Ancient Proteins Involved in DNA Repair Could Shed Light on Tumor Development, Says Pitt Study
By studying the yeast used in beer- and bread-making, researchers at the University of Pittsburgh School of Medicine have uncovered the mechanism by which ancient proteins repair DNA damage and how their dysfunction could lead to the development of tumors. The findings, published online today in Nature Communications, could lead to new ways to tailor cancer therapies.
In humans, protein mutations called RAD51 paralogues have been associated with breast and ovarian tumors, said senior investigator Kara Bernstein, Ph.D., assistant professor of microbiology and molecular genetics at Pitt School of Medicine and the University of Pittsburgh Cancer Institute, partner with UPMC CancerCenter.
“These are proteins that have been present throughout evolution in many species, but very little has been known about what they do,” she said. “Our study shows for the first time the mechanism of how they are involved in the repair of damaged DNA.”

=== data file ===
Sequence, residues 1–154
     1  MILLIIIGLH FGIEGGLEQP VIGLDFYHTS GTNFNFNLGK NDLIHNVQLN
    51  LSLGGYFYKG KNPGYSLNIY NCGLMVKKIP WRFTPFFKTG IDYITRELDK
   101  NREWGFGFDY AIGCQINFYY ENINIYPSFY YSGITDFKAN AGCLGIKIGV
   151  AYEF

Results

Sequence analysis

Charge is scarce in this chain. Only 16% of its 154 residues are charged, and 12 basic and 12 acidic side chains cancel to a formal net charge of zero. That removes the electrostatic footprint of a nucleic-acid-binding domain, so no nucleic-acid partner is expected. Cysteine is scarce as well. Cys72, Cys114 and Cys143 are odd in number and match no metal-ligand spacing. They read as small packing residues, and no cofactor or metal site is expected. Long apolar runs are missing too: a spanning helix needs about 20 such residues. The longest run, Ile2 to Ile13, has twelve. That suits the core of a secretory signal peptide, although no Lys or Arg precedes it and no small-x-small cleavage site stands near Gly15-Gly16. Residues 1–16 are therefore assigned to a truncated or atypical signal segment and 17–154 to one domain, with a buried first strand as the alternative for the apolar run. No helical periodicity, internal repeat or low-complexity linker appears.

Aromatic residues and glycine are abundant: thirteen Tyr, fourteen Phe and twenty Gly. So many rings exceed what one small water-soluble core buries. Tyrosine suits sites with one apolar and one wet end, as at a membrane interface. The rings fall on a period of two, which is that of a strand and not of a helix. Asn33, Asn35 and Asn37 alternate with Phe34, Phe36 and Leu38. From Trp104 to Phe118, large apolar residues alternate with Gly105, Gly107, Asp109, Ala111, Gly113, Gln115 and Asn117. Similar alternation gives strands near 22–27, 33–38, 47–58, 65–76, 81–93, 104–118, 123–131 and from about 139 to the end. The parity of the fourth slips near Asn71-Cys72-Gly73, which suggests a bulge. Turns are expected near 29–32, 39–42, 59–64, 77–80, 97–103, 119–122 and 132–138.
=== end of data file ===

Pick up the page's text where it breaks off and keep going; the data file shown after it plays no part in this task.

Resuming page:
Because RAD51 paralogues are too difficult to work with in animal cells, the research team instead explored their function in yeast. They found the proteins interact with other proteins called the Shu complex to repair breaks in DNA strands, which can be caused by environmental toxins, radiation and other naturally occurring exposures.
Shu complex works synergistically with additional RAD51 paralogues to search for homologous, or complementary, DNA regions with double-strand breaks, in which both poles of the twisting DNA ladder have been broken, the researchers found. Pieces of the genetic code can be lost in such areas; the paralogues and complex repair the damage by filling in the missing pieces in a process called homologous recombination.
“Now that we understand what the proteins do, we can perhaps tailor therapies for patients who have cancer and mutations in these repair genes,” Dr. Bernstein said.
The team included Stephen K. Godin, Faiz F. Kabbinavar, and Andrew P. Van Demark, Ph.D., of Pitt; and William A. Gaines, Ph.D., Timsi Rao, Ph.D., and Patrick Sung, Ph.D., of Yale University. The project was funded by National Institutes of Health grants ES015252, ES007061, CA168635, GM088413 and GM101808.